In the Boston area, International Medical Corps is working with Brockton Hospital, a not-for-profit teaching facility that since 1896 has served the city of Brockton and surrounding municipalities just south of Boston, to help it respond to COVID-19. The hospital, part of the Signature Healthcare system, is using the emergency medical field units provided by International Medical Corps to provide clinical services to patients with non-COVID-19 needs. It is using the medical equipment and supplies that we are providing to help patients with a range of needs.



In Detroit, International Medical Corps has deployed emergency medical field units, PPE and other medical supplies to Henry Ford Hospital, which has served metro Detroit for more than a century, and Henry Ford West Bloomfield Hospital, which has served western Oakland County for more than a decade. The hospitals, both part of the Henry Ford Health System, will use the field units and supplies to improve care for overflow patients who are awaiting discharge. In addition, we have deployed volunteer clinical staff to two hospitals in the Detroit Medical Center health system.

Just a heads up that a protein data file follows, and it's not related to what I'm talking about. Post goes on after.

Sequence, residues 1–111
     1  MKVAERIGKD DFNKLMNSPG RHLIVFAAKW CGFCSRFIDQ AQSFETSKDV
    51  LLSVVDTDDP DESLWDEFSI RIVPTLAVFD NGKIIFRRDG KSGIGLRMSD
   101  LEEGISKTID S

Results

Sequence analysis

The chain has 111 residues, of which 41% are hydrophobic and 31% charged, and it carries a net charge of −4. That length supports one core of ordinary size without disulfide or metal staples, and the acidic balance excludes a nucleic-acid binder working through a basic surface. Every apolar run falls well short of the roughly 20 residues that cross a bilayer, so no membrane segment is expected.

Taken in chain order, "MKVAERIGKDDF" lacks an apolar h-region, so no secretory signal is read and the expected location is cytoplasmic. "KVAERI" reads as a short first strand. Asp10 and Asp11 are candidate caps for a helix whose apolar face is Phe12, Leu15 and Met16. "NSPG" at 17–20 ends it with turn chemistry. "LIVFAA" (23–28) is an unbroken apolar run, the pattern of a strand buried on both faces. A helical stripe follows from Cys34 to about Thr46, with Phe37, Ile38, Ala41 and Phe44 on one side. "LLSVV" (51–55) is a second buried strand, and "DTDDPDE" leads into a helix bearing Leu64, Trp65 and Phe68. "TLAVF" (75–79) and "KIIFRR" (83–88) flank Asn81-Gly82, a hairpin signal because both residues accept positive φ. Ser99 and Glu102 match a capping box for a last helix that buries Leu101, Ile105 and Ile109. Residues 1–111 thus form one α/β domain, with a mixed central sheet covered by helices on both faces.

New York

International Medical Corps has deployed emergency medical field units, PPE and volunteer clinicians to Flushing Hospital Medical Center and Jamaica Hospital Medical Center. The hospitals, both part of the MediSys Health Network, are not-for-profit teaching hospitals that each have served the community of Queens for more than a century. Both now find themselves in the epicenter of the COVID-19 pandemic, and will use the field units to expand the capacity of their emergency departments and improve patient management and flow. We also have deployed volunteer clinical staff at Maimonides Medical Center and at the NYC Health+Hospitals System.